Singapore haze reaching highly unhealthy levels

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Singapore haze 2015Hazy conditions in Singapore, a result of forest and peatland fires caused by slash-and-burn techniques used to clear land for farming and plantations on neighbouring Sumatra, have caused air pollution to reach a figure “between the high end of the unhealthy range and the low end of the very unhealthy range” on the Pollutant Standard Index, the city state’s National Environment Agency said on October 4.

Though there might be a slight improvement to the hazy situation from October 5, with readings dropping to the mid-level of the unhealthy range if wind directions shift, the city so far remains covered by pall of grayness that resembles wintry fog, obliterates the skyline and seeps inside homes.

The haze has polluted relations between Singapore and Indonesia, particularly after Indonesia’s Vice President Jusuf Kalla commented that neighbouring countries “already enjoy 11 months of clean fresh air from Indonesia” and suggested that it was no big deal if they suffered from the haze for the one month when forests were usually burned.

However, this year’s haze crisis could become one of the worst on record, the US National Aeronautics and Space Administration (NASA) said, due to a prolonged dry season.”Conditions in Singapore and south-eastern Sumatra are tracking close to 1997,” said NASA scientist Dr Robert Field, adding that “If the forecasts for a longer dry season hold, this suggests 2015 will rank among the most severe events on record.”

Singapore had to shut its schools on September 25 and began distributing free antipollution masks to the elderly and other vulnerable people.

A number of events, most notably the first day of the Swimming World Cup finals, had to be cancelled as the haze lingered.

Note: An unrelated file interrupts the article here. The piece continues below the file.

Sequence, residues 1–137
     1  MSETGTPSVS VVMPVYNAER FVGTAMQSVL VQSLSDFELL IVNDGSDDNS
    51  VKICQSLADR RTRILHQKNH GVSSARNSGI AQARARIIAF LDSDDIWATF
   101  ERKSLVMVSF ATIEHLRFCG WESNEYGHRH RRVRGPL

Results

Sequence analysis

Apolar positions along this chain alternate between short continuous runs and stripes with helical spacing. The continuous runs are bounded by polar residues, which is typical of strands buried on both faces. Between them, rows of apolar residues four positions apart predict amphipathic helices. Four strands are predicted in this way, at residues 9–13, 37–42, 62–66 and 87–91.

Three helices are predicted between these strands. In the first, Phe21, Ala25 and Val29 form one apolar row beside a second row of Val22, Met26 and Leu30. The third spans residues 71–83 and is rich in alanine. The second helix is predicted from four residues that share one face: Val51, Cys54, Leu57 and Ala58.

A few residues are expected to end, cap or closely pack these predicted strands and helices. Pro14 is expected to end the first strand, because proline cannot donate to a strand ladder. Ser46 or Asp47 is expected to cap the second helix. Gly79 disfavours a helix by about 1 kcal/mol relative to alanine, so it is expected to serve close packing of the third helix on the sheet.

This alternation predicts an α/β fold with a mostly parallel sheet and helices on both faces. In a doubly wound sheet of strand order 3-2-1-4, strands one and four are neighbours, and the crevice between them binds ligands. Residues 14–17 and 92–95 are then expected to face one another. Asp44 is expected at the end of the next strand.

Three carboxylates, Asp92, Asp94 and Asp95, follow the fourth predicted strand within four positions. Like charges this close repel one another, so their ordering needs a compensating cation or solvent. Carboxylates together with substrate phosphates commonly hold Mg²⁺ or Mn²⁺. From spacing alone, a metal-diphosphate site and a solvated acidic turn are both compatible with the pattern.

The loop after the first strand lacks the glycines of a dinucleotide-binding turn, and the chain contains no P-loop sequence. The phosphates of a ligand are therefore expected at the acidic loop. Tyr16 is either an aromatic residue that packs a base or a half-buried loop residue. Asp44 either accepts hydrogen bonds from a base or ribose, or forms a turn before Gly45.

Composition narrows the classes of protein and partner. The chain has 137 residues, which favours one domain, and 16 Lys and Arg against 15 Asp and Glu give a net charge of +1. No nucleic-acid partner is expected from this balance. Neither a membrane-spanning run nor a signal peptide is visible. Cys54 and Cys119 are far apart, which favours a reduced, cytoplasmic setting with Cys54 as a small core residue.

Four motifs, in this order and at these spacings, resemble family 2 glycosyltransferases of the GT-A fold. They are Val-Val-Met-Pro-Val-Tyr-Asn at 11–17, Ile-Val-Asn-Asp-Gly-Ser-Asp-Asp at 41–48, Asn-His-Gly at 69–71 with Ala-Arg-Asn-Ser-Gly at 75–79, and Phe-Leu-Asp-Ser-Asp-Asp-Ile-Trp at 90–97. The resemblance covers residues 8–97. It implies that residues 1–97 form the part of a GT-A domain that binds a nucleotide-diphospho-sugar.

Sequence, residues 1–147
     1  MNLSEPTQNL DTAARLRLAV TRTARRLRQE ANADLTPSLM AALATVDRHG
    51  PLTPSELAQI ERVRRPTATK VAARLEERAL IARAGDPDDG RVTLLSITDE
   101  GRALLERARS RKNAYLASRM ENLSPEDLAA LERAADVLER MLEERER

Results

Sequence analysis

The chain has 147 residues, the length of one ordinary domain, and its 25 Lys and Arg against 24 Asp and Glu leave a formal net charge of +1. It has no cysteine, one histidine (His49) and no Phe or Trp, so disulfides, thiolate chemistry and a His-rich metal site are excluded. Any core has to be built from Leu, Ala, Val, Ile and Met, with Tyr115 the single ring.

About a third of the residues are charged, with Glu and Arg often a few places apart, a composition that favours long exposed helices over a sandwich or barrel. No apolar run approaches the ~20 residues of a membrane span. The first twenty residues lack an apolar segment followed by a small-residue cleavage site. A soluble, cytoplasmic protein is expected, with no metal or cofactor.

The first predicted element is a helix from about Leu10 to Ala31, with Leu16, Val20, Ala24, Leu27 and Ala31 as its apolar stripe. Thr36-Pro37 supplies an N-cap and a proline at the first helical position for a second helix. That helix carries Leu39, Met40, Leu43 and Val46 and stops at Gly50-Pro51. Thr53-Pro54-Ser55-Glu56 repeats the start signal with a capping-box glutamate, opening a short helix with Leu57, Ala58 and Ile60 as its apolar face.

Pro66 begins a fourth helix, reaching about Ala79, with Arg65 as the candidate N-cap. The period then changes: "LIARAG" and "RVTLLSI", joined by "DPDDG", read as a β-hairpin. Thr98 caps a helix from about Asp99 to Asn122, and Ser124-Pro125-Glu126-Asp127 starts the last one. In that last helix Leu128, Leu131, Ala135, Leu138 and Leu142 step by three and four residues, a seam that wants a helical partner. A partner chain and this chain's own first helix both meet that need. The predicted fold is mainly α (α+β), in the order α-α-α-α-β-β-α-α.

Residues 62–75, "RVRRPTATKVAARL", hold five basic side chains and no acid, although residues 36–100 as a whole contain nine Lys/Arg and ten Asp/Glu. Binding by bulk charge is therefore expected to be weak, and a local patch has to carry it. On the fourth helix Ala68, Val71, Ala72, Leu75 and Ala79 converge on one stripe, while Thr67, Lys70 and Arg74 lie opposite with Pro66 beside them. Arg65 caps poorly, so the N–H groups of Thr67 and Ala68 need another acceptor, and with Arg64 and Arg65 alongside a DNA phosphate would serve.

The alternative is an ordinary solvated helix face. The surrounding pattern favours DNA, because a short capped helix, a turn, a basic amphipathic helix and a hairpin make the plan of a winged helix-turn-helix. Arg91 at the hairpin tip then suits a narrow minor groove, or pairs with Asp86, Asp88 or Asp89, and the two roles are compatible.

Singapore’s Strait Times looked into its archives and found that the haze problem has plagued the nation since the early 1970s (photostory here) and nothign much has changed.

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Hazy conditions in Singapore, a result of forest and peatland fires caused by slash-and-burn techniques used to clear land for farming and plantations on neighbouring Sumatra, have caused air pollution to reach a figure "between the high end of the unhealthy range and the low end of the very unhealthy range" on the Pollutant Standard Index, the city state's National Environment Agency said on October 4. Though there might be a slight improvement to the hazy situation from October 5, with readings dropping to the mid-level of the unhealthy range if wind directions shift, the city so far remains covered by pall...

Reading Time: 2 minutes

Singapore haze 2015Hazy conditions in Singapore, a result of forest and peatland fires caused by slash-and-burn techniques used to clear land for farming and plantations on neighbouring Sumatra, have caused air pollution to reach a figure “between the high end of the unhealthy range and the low end of the very unhealthy range” on the Pollutant Standard Index, the city state’s National Environment Agency said on October 4.

Though there might be a slight improvement to the hazy situation from October 5, with readings dropping to the mid-level of the unhealthy range if wind directions shift, the city so far remains covered by pall of grayness that resembles wintry fog, obliterates the skyline and seeps inside homes.

The haze has polluted relations between Singapore and Indonesia, particularly after Indonesia’s Vice President Jusuf Kalla commented that neighbouring countries “already enjoy 11 months of clean fresh air from Indonesia” and suggested that it was no big deal if they suffered from the haze for the one month when forests were usually burned.

However, this year’s haze crisis could become one of the worst on record, the US National Aeronautics and Space Administration (NASA) said, due to a prolonged dry season.”Conditions in Singapore and south-eastern Sumatra are tracking close to 1997,” said NASA scientist Dr Robert Field, adding that “If the forecasts for a longer dry season hold, this suggests 2015 will rank among the most severe events on record.”

Singapore had to shut its schools on September 25 and began distributing free antipollution masks to the elderly and other vulnerable people.

A number of events, most notably the first day of the Swimming World Cup finals, had to be cancelled as the haze lingered.

Singapore’s Strait Times looked into its archives and found that the haze problem has plagued the nation since the early 1970s (photostory here) and nothign much has changed.

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